High Precision Oil Wire EDM Exceeds Expectations
MTD Micro Molding, a micro molding medical component manufacturer, is the first company in North America to own an MC Machinery MX600 oil wire EDM and expand on how this machine has allowed the shop to work with small component sizes and increase productivity.
Founded in 1972, MTD Micro Molding (MTD) is not a typical micro molding medical component manufacturer, as it develops the world’s smallest components for the most challenging molding needs and the most innovative applications. To put it into perspective, 50 percent of MTD’s new projects are rescues, meaning projects no other molder would attempt due to their complexity or have attempted and failed.
The market for less-invasive micro medical devices continues to grow worldwide. In fact, the medical device industry leaps ahead almost daily, with constant demand for newer, smaller, never-before-seen micro devices. Because of the rapidly changing industry, MTD was in need of an EDM that had the capability to utilize wire smaller than 50-micron diameter. The company discovered that only two suppliers offered wire EDMs that met these cutting diameters, one being MC Machinery.
“We take on the challenging micro molding projects that are seemingly impossible to complete in the industry,” MTD Marketing Manager Lindsay Mann says. “In order to improve our process and ensure success, we need the right machinery and latest technology, such as the high-precision Mitsubishi MX600 oil wire EDM.”
The MX600 has been in the facility since April 2018. MTD is the first company in North America to own one. John Clark, operations manager at MTD, played a big role in the decision to purchase the machine. Having worked with Mitsubishi machines and the MC Machinery’s service team previously, he knew this was the right move.
What makes the MX600 oil wire EDM stand out is the use of oil as opposed to water. Oil allows the discharge gap to be much smaller than water, making it possible to achieve much smaller over-burns inside corners and provides a superior surface finish. Another benefit of the machine is the virtually zero recast on carbide after machining, and that it doesn’t corrode the material when left sitting in oil. When carbide is left in water, it leeches out the cobalt from the carbide, causing the material to fail in its application.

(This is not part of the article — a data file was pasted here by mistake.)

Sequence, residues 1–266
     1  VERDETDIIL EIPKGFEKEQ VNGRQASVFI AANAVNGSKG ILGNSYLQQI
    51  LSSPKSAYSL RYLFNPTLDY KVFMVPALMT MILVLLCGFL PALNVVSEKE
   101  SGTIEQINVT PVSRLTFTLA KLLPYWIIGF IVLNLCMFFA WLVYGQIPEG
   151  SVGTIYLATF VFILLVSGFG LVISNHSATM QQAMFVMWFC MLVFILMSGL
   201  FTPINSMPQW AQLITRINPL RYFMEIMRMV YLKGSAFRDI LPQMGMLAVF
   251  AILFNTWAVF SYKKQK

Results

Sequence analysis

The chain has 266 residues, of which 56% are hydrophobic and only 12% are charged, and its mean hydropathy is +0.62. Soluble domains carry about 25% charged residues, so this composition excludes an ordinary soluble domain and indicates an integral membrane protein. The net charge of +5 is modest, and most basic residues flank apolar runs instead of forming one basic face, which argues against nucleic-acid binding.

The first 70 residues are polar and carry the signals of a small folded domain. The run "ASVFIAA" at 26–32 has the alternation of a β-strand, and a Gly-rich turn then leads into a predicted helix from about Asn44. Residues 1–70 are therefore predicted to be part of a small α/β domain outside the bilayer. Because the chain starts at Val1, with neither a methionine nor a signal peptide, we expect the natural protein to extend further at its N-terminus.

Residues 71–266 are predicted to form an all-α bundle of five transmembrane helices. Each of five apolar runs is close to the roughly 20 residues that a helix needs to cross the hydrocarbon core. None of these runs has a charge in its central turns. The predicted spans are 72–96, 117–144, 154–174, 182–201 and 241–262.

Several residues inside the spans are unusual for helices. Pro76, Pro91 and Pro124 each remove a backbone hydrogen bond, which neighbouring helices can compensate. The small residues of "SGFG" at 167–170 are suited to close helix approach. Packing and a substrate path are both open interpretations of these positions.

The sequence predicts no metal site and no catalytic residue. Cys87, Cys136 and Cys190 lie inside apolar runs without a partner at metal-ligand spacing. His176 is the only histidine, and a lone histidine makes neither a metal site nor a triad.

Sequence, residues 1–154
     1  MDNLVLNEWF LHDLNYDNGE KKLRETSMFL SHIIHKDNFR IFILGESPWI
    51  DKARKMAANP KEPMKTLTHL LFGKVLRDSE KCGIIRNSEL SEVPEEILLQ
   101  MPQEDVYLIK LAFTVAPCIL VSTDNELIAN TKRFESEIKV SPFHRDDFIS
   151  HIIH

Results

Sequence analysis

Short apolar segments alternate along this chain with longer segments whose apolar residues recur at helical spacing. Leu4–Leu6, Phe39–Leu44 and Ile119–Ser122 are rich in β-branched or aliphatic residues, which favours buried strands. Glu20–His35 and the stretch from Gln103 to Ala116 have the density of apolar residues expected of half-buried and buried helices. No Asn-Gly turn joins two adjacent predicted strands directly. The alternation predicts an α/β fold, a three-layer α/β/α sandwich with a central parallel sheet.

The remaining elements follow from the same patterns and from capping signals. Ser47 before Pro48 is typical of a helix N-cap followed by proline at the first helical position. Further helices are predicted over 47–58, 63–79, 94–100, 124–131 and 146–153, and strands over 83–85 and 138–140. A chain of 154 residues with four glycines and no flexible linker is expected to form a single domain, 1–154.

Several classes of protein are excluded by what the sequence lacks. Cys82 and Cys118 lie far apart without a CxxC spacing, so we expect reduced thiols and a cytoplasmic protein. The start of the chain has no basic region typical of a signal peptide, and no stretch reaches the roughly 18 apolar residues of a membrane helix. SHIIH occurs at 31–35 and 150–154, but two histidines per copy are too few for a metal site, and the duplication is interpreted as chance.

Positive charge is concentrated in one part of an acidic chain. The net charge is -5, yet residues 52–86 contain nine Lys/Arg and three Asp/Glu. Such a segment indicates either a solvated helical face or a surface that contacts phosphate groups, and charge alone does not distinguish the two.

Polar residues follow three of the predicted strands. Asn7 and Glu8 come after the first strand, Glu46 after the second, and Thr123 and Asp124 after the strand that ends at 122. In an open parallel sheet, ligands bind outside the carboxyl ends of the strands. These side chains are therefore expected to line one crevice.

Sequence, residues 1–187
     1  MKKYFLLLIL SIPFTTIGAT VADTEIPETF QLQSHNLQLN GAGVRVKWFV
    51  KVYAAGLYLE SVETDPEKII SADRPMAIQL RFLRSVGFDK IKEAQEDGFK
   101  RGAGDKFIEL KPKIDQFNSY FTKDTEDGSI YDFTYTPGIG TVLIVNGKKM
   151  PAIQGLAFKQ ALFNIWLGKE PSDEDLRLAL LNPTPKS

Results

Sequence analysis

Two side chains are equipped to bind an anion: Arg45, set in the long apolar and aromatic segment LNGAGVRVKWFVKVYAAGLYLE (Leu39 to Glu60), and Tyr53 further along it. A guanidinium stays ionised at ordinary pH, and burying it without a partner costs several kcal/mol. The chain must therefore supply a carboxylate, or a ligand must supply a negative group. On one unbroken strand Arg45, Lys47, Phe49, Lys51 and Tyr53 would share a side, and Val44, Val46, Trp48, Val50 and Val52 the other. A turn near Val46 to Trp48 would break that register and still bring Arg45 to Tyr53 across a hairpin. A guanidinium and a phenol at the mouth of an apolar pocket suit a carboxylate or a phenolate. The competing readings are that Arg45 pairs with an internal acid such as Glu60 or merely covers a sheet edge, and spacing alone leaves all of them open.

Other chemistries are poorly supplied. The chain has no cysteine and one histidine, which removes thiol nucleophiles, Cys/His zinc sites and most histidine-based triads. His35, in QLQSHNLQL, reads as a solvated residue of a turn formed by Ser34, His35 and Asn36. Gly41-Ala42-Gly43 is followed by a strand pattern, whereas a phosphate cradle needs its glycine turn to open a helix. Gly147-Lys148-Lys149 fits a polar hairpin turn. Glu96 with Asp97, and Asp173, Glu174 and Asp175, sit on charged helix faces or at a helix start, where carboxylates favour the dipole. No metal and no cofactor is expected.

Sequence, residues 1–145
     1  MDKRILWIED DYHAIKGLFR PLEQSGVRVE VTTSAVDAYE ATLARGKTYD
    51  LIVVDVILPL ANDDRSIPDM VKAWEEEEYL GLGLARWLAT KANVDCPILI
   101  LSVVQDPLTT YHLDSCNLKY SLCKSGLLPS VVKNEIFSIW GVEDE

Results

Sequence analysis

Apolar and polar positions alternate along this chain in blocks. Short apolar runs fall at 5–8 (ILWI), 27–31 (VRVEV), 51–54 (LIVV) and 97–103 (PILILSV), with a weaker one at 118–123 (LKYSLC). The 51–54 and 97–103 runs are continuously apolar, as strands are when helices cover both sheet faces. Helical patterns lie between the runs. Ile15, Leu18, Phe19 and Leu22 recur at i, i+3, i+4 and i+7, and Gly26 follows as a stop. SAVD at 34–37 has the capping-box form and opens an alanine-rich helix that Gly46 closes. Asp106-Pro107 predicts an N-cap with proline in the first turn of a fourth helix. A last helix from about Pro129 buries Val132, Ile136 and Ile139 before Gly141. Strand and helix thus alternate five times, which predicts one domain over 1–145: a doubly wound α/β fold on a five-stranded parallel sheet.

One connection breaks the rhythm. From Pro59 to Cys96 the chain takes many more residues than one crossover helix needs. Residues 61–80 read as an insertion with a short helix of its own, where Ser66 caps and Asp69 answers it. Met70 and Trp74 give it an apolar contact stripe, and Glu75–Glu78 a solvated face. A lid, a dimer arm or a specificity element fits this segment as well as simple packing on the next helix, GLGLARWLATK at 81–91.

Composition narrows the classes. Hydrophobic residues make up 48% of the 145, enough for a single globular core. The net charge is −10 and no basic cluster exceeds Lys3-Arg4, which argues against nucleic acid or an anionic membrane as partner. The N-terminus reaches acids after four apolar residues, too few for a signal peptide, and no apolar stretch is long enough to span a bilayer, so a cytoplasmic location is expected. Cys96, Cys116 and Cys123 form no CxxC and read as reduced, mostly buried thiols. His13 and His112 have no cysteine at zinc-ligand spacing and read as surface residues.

What makes the MX600 oil wire EDM stand out is the use of oil as opposed to water.
“The machine has doubled our wire EDM capacity and has made getting down to the smallest wire diameters much easier,” Clark says. “Although our lead time to build new tools is driven by the complexity of it and its components, on average, we were anywhere from six to eight weeks in production. Now, we can get components out to our customers in two to three weeks.”
Dependable and accurate equipment is essential when working with such small component sizes and micro features. MC Machinery also implemented the remote360 monitoring solution to the machine, which allows MTD to stay on top of production and send someone in if there is an issue. Additionally, the application is helping the company quote jobs by giving the team better visibility and records of the time it takes to complete similar work.
“The MX600 lets machining operators use ultra-small wire in the range of .0008" ~ .001",” Mike Bystrek, MC Machinery National Wire EDM Poduct and Applications Manager says. “This opens the doors and possibilities to the type of micromachining applications that can be developed.”
This article explores the applications in which wire EDM has found its way. It will examine the reasons for this new interest in a supposedly unrelated machining method, and its impact on moldmaking, both physically and fiscally.
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